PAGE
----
Alberta's a big place, and the car rules here. It's your best bet for traveling from center to center, as well as picking up on beautiful scenery along the way.
Once you're in the big cities, you can fairly rely on public transit (both Calgary and Edmonton have extensive bus and light rail services) or your own two feet to explore the neighborhoods to be found there. Calgary in particular has an impressive network of bike paths -- one of the largest in North America -- so that's a nice way to explore that particular city as well.
Still, as you navigate Alberta, it's a real benefit to have four wheels under you, for the freedom to explore.
Even in the cities, here, in the heart of the new west, you'll either miss out on a lot of the action or spend a fortune on cabs if you don't have a car. Plus, if you plan to explore the countryside, some of the most incredible scenery can be seen from behind the wheel.
If you're visiting from abroad and plan to rent a car in Canada, keep in mind that foreign driver's licenses are usually recognized, but you should get an international one if your home license is not in English or French.
Check out Expedia.ca, Travelocity.ca, and Priceline.ca, all of which offer competitive online car rental rates.
The roads in Alberta are generally top-rate; speed limits on the major highways -- those with four lanes -- are typically 110kmph (about 70 mph), with secondary routes usually at 90kmph (55 mph). In the cities, unless otherwise posted, the maximum is 50kmph (30 mph).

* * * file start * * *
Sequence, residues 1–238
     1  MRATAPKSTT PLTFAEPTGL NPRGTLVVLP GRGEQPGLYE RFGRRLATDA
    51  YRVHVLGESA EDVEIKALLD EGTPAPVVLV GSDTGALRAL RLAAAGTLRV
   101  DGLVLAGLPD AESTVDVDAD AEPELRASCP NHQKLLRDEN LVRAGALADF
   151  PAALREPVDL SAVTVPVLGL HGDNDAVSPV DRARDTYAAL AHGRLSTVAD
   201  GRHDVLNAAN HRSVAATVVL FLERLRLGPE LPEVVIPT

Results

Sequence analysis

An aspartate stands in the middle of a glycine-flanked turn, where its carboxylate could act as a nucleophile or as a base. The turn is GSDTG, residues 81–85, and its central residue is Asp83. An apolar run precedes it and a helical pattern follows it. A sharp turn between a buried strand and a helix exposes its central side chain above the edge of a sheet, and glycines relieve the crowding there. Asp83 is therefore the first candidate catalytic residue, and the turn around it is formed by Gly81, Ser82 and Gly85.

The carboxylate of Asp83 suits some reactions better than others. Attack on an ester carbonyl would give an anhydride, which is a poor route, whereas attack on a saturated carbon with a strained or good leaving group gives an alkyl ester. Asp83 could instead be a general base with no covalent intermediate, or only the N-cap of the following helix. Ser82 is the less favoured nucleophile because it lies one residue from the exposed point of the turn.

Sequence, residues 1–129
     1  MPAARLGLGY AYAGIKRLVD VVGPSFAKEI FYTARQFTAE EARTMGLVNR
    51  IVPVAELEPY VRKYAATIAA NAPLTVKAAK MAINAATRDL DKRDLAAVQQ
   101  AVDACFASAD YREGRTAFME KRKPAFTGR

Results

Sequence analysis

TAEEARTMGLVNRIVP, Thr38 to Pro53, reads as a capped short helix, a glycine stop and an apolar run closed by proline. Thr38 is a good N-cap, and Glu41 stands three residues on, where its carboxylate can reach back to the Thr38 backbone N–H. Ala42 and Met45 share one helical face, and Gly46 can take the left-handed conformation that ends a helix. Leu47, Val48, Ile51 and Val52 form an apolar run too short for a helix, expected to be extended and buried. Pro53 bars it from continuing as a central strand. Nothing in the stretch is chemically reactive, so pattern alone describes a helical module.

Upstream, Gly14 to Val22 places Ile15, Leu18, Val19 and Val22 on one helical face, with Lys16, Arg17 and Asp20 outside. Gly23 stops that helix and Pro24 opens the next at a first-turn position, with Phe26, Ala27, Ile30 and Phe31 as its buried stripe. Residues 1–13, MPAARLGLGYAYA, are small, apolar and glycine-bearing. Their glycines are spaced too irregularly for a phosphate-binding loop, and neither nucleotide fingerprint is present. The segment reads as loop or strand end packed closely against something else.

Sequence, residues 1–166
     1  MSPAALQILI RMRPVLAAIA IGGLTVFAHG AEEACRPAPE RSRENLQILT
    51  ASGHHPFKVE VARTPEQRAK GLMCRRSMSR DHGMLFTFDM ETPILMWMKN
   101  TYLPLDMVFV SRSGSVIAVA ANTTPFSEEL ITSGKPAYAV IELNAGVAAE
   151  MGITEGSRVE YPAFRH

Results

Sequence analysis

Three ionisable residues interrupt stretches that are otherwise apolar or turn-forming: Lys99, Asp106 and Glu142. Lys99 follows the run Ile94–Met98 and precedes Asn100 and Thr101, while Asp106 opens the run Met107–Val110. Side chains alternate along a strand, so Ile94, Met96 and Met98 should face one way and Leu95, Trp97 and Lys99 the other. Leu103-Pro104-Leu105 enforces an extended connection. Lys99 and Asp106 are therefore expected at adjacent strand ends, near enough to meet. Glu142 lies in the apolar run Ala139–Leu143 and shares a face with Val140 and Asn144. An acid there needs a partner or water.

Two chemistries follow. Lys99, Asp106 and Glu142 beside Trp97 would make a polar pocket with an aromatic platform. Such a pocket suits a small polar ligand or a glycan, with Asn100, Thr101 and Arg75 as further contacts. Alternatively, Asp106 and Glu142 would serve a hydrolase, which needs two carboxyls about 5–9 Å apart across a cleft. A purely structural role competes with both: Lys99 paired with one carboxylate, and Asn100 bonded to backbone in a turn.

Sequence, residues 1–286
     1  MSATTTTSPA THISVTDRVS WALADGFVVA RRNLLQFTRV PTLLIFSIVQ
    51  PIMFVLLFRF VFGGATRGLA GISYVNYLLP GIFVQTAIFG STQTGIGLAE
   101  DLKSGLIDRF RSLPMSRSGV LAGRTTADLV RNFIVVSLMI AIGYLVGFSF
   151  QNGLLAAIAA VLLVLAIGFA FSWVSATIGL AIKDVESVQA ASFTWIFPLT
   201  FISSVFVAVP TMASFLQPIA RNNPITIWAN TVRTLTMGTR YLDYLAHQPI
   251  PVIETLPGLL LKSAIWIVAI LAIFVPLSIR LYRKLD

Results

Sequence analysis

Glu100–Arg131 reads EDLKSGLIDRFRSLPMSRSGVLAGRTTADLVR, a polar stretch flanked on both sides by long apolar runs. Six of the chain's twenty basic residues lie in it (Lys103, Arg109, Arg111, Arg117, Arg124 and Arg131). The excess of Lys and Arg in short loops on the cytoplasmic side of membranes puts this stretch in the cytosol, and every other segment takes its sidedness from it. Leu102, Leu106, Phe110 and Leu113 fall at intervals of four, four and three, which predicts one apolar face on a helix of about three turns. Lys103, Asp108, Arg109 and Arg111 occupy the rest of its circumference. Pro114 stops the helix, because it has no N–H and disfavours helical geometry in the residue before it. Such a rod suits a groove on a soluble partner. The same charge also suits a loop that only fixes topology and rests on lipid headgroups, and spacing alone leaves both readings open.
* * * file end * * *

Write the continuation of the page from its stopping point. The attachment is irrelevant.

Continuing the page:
Running east-west, through Calgary and on to Banff, is Hwy. 1, the Trans-Canada Highway. Once there, perhaps the most gorgeous drive on the continent, the Icefields Parkway (Rte. 93), stretches through 230km (140 miles) of spectacular mountains and glaciers, between Lake Louise and Jasper.
The Queen's Highway, or Hwy. 2, connects Calgary and Edmonton, a distance of 286km (177 miles) to the north, and Calgary and Montana to the south, where it becomes U.S. Rte. 89. From Edmonton, the Yellowhead Highway (Hwy. 16) links the city to Jasper and then continues on to Prince Rupert, BC.
Bus travel is often the most economical form of public transit for short hops between cities, but it's certainly not an option for everyone. Greyhound (tel. 800/231-2222; www.greyhound.com) is the sole nationwide bus line. International visitors can obtain information about the Greyhound North American Discovery Pass. The pass can be obtained from foreign travel agents or through www.discoverypass.com for unlimited travel and stopovers in the U.S. and Canada.
Greyhound links all the major and minor centers in the province. There are several departures daily from the major centers, and usually at least one per day in the smaller centers. Consult the website for prices and a timetable.
Air Canada recently instituted flight passes for unlimited travel. The least expensive, and most relevant here, is the Western Commuter pass, which offers ten flights between the cities of Calgary, Edmonton, Vancouver, and Victoria. The pass is good for one year, and costs C$2,160. Consult www.aircanada.com/en/offers/wallet/flightpass for more information.
Note: This information was accurate when it was published, but can change without notice. Please be sure to confirm all rates and details directly with the companies in question before planning your trip.